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Some unexpected things are happening to Pokemon Go players who are out looking to catch the game's cartoon creatures: They are getting sore legs, spending more time outdoors and even finding real wildlife.
The already immensely popular augmented reality game has coincided with a sudden and steep rise in Nintendo stock, and legions of players are venturing outdoors looking for cartoon creatures, which pop up superimposed onto camera images of the player's surroundings.
This has produced all sorts of unintended effects. Some local public safety agencies have warned players against venturing into unsafe areas, and against playing the game while driving. Reports have surfaced of a group of armed robbers exploiting the app to lure victims.
But other consequences have been far less worrisome, and in some cases, even rather positive.
More than a few users have reported getting sore legs from all of the walking around.
Some have said the app has been great at getting them out of bed and out of the house.
One pair even jumped into a kayak and paddled out to a game location.
Because the game turns public places and landmarks into playing areas, players have been hanging out in parks, churches and public libraries.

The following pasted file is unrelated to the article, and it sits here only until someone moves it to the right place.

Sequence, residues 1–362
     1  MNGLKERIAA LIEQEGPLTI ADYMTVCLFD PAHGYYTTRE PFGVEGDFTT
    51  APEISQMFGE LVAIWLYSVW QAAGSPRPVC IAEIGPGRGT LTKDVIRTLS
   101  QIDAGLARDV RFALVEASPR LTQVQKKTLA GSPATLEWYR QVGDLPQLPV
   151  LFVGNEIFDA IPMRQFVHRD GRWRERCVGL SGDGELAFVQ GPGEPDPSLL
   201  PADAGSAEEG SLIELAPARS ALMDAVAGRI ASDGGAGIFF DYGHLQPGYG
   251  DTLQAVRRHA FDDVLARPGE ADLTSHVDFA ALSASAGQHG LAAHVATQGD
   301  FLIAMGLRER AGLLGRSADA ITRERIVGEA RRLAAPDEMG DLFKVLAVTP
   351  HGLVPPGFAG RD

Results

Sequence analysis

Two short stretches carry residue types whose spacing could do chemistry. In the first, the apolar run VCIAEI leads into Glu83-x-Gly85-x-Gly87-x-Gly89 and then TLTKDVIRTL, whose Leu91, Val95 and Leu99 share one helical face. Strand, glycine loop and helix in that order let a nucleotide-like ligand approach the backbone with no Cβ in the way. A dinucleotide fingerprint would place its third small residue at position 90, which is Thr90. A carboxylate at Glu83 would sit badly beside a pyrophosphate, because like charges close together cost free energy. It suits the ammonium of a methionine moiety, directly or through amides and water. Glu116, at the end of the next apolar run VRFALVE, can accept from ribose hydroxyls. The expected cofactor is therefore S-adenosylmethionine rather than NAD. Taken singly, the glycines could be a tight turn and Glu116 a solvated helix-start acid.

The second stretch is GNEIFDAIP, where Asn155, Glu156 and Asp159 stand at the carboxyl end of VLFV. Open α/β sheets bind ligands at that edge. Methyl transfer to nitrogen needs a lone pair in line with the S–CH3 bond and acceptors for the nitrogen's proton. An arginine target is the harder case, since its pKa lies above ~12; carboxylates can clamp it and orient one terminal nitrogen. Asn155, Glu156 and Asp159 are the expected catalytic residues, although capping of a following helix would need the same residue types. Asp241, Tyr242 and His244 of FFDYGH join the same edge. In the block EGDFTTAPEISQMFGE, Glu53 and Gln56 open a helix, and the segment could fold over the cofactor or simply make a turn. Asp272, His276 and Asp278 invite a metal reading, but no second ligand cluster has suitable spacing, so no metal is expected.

One librarian in Indiana went onto social media to draw players toward the book stacks, according to The Wall Street Journal.
"I was thinking it might be a great way to draw some new patrons in, " librarian Jess Frederick told the paper. "I've seen some new faces for sure that I haven't seen before."
A few wildlife scientists also found a way to ride the wave.
Morgan Jackson, a graduate student at the University of Guelph in Canada, tweeted, "I have no idea if it will work, but for anyone willing to help players engage with , I'll be using . Join in! "
David Steen, an assistant research professor of wildlife ecology at Auburn University, joined in the #PokeBlitz hashtag on Twitter to encourage people to tweet pictures of actual wildlife they find while out playing the game, promising to try to identify any unknown species.
So far the hashtag has had a few takers.
Others are pitching in.
Steen is even offering a little encouragement to people who seem slightly freaked out by finding real snakes in place of fantastic ones.